“Balanced energy gain and loss provides a physical mechanism to realize in the laboratory the kind of energy-spectral filtering that has become ubiquitous in theoretical and numerical studies of complex many-body quantum systems,” del Campo said. “Specifically, balanced energy gain and loss in energy dephasing leads to the optimal spectral filter. Thus, one could leverage balanced energy gain and loss as an experimental tool not only to probe quantum chaos but to study many-body quantum systems in general.”

    By changing the decoherence, Saxena and del Campo explained, the filter allows better control of energy distribution in the system. That can be useful in quantum information, for example.

    “Decoherence limits quantum computing, so it follows that because increasing quantum chaos reduces decoherence, you can keep computing longer,” Saxena said.

    The team’s paper builds on previous theoretical work by Carl Bender (of Washington University at St. Louis and former Ulam scholar at Los Alamos) and Stefan Boettcher (formerly of Los Alamos and now at Emory University). They found that, contrary to the accepted paradigm from the early twentieth century, some quantum systems yielded real energies under certain symmetries even though their Hamiltonian was not Hermitian, which means it satisfies certain mathematical relations. In general, such systems are known as non-Hermitian Hamiltonians. A Hamiltonian defines the energy of the system.

    “The prevailing understanding was that decoherence suppresses quantum chaos for Hermitian systems, with real energy values,” Saxena said. “So we thought, what if we take a non-Hermitian system?”

    The research paper studied the example of pumping energy into a wave guide at a particular point—that’s the gain—then pumping energy out again—the loss—symmetrically. The wave guide is an open system, able to exchange energy with the environment. Instead of causing decoherence, they found, the process and interactions increase coherence and quantum chaos.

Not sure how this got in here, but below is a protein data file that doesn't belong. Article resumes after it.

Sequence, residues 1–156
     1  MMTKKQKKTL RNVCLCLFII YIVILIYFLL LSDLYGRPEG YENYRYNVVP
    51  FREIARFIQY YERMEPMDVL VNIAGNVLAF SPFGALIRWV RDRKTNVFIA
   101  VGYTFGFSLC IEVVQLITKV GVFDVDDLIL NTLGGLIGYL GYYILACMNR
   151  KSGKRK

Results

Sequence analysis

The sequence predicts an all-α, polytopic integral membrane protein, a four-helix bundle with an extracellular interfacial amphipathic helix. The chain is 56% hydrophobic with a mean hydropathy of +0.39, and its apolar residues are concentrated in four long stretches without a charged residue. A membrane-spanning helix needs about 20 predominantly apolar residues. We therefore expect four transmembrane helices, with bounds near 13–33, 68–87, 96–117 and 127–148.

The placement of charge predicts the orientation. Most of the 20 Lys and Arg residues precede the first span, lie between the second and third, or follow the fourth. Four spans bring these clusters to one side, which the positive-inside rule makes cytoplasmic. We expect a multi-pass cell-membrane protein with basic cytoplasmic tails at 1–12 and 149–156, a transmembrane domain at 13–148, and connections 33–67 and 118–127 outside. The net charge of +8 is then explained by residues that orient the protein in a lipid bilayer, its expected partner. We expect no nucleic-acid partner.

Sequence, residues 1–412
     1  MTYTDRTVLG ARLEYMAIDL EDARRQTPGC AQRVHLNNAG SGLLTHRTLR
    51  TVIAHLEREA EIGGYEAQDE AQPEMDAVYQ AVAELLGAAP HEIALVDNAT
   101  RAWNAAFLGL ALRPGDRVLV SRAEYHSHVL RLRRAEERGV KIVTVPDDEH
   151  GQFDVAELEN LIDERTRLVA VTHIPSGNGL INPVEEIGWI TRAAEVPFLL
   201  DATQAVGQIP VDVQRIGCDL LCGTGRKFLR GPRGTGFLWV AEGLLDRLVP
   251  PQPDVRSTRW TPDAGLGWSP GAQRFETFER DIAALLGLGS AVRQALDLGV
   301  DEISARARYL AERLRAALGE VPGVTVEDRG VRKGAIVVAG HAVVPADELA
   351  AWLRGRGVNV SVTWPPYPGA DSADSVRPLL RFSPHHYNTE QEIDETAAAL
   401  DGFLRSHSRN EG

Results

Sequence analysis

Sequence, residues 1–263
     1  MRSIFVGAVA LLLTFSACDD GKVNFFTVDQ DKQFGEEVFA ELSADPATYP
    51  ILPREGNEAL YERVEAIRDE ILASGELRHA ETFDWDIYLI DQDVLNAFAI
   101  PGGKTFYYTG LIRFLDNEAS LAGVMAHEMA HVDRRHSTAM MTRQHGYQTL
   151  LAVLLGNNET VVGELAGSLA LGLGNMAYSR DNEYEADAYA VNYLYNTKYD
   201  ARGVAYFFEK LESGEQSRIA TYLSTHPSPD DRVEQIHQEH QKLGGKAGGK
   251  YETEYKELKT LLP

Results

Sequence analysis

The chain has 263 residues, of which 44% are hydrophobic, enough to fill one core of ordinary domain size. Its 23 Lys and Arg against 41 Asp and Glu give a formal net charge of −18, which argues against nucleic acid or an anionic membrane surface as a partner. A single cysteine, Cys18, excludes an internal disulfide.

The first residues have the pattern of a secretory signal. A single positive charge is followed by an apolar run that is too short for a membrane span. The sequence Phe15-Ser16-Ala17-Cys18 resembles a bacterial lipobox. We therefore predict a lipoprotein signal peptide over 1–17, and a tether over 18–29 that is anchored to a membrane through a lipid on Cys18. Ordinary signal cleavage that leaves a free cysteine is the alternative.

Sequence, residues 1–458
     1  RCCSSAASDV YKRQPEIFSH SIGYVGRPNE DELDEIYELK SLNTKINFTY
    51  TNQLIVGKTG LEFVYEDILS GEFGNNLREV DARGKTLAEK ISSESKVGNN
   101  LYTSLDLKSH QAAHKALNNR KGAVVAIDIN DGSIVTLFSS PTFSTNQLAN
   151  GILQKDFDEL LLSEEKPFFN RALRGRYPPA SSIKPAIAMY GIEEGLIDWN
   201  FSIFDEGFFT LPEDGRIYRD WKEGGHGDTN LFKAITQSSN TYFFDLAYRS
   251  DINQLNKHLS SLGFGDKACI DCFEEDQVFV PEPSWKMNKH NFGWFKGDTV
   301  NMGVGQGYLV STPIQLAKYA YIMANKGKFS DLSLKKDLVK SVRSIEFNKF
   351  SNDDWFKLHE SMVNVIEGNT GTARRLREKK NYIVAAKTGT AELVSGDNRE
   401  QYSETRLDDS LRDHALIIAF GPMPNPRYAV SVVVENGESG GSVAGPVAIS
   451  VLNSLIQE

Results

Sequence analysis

See the full article here .

    five-ways-keep-your-child-safe-school-shootings

    Please help promote STEM in your local schools.

    Stem Education Coalition

    The DOE’s Los Alamos National Laboratory mission is to solve national security challenges through scientific excellence.

    LANL campus
    DOE’s Los Alamos National Laboratory, a multidisciplinary research institution engaged in strategic science on behalf of national security, is managed by Triad, a public service oriented, national security science organization equally owned by its three founding members: The University of California Texas A&M University, Battelle Memorial Institute (Battelle) for the Department of Energy’s National Nuclear Security Administration. Los Alamos enhances national security by ensuring the safety and reliability of the U.S. nuclear stockpile, developing technologies to reduce threats from weapons of mass destruction, and solving problems related to energy, environment, infrastructure, health, and global security concerns.

    The United States Department of Energy (DOE) is a cabinet-level department of the United States Government concerned with the United States’ policies regarding energy and safety in handling nuclear material. Its responsibilities include the nation’s nuclear weapons program; nuclear reactor production for the United States Navy; energy conservation; energy-related research; radioactive waste disposal; and domestic energy production. It also directs research in genomics. the Human Genome Project originated in a DOE initiative. DOE sponsors more research in the physical sciences than any other U.S. federal agency, the majority of which is conducted through its system of National Laboratories. The agency is led by the United States Secretary of Energy, and its headquarters are located in Southwest Washington, D.C., on Independence Avenue in the James V. Forrestal Building, named for James Forrestal, as well as in Germantown, Maryland.